High Definition Multimedia Interface or HDMI is the current standard for audio-visual and home theater component connections, particularly when it comes to linking HD video sources to HD displays, like a DVD player to an HDTV.
So does HDMI carry audio? Yes. It carries both, like DP but unlike VGA and DVI. What’s more, the type of audio carried by HDMI is high-definition quality, just like the HD videos that just get bigger and more detailed resolution-wise in what seems like every year. It carries sound and moving pictures from one source device to another device display.
Learn More About The Audio Capabilities of HDMI
The first few AV connections in the past for standard definition output also used one cable to carry audio and video, but they fell on the wayside in favor of separating audio and video outputs, as in the case of VGA or RCA connectors. HDMI combined AV once more because it’s mostly used for HDTVs and Blu-Ray players, with TVs usually combining picture and speaker in one unit anyway.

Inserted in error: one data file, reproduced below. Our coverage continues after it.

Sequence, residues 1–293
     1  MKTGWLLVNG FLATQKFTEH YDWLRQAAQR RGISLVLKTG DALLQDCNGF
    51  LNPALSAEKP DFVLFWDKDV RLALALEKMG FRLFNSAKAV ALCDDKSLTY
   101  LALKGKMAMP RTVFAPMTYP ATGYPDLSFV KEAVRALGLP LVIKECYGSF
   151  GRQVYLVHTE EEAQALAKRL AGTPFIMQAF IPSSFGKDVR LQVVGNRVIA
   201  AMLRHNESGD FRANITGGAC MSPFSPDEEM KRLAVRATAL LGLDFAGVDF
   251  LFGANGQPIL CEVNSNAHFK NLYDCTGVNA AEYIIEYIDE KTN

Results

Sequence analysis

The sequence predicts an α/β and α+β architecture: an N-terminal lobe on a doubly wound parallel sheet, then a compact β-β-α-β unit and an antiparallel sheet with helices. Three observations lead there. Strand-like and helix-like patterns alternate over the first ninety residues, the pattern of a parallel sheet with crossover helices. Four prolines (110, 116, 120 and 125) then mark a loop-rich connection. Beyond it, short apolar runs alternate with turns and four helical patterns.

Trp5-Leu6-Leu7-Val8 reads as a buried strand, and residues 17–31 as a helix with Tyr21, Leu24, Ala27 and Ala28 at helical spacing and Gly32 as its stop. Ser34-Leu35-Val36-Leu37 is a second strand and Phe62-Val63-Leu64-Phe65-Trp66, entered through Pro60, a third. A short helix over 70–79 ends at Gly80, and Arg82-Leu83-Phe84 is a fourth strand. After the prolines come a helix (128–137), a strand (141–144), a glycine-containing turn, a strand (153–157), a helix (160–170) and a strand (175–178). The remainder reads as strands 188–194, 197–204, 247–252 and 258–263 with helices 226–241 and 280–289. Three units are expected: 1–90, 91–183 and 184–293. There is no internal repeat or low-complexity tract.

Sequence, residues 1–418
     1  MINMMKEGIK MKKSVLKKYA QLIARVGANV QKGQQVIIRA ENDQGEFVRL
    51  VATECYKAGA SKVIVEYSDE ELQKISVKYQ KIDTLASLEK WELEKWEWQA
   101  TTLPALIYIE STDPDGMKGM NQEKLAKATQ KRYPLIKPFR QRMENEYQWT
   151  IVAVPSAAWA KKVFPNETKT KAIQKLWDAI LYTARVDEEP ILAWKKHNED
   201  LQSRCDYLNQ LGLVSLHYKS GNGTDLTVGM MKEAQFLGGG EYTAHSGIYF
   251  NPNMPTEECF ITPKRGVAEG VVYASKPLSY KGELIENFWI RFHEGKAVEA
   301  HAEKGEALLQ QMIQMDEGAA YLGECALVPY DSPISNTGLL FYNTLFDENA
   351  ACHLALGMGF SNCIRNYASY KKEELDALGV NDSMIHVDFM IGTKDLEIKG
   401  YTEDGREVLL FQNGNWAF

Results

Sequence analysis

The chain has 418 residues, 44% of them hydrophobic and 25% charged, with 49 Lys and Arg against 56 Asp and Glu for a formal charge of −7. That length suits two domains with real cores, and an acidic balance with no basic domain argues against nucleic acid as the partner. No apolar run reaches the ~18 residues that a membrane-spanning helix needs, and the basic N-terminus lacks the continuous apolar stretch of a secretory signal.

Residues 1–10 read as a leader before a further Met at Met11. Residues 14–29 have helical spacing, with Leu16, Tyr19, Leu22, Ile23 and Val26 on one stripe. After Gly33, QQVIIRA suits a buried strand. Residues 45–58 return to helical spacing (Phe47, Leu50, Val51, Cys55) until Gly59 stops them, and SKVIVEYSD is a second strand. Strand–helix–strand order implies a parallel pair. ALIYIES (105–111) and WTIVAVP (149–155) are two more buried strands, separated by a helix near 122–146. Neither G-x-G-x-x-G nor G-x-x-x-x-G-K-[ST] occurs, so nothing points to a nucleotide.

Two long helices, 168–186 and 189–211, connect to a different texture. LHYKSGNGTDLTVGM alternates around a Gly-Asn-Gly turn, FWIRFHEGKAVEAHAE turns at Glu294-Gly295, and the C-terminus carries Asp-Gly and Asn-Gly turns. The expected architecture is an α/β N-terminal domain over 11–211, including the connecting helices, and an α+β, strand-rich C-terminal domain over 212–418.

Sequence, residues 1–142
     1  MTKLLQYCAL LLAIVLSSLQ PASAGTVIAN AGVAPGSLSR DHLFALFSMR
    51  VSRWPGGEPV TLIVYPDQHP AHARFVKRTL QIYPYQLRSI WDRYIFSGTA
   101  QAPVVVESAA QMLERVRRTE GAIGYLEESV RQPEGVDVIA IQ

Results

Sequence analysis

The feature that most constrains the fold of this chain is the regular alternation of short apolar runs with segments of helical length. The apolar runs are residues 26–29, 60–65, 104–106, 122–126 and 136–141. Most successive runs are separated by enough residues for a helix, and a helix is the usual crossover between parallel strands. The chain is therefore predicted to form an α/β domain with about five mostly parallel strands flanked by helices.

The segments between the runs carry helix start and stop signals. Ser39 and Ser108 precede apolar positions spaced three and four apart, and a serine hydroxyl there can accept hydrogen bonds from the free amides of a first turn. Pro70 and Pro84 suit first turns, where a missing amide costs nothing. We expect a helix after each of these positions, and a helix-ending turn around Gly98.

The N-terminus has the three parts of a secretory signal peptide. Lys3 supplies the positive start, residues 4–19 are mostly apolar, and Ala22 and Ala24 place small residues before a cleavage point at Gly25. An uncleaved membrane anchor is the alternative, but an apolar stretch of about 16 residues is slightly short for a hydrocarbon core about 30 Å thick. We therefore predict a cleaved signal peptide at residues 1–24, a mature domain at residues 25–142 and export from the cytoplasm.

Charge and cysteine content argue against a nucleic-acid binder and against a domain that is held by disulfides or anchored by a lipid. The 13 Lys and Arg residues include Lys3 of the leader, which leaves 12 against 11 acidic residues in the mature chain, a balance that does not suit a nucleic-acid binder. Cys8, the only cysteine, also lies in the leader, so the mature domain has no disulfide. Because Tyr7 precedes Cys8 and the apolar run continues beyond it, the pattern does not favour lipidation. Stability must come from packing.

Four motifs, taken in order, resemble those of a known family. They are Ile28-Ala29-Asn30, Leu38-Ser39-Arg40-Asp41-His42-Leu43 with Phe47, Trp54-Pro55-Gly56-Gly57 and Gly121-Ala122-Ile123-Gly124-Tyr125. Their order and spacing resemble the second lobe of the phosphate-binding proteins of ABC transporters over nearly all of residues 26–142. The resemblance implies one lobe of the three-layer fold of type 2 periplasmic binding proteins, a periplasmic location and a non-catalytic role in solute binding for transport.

- Why HDMI Audio Is One of The Best Transmission Mediums: HDMI isn’t only the most ubiquitous AV connection for HD video found in the latest BD player titles, games for game consoles, and channels from your cable or satellite box. It’s also a good connection for speakers or music boom boxes. It’s better than analog/RCA by default and even its closest competitor, coaxial, are many levels below its sound quality. This is because it transmits digital sound or multi-channel audio in a single cable versus RCA, which requires multiple cables or coaxial, which has limits in terms of the best possible hi-def sound at present.